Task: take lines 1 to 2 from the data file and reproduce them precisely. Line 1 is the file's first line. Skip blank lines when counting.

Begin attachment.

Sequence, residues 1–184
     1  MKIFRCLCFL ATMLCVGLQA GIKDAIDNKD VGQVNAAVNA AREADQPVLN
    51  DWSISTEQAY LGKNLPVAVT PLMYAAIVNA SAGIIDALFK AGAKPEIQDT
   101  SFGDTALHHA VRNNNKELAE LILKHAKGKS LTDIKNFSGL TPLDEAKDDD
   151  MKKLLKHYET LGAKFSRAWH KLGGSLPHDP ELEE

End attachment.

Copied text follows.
Sequence, residues 1–184
     1  MKIFRCLCFL ATMLCVGLQA GIKDAIDNKD VGQVNAAVNA AREADQPVLN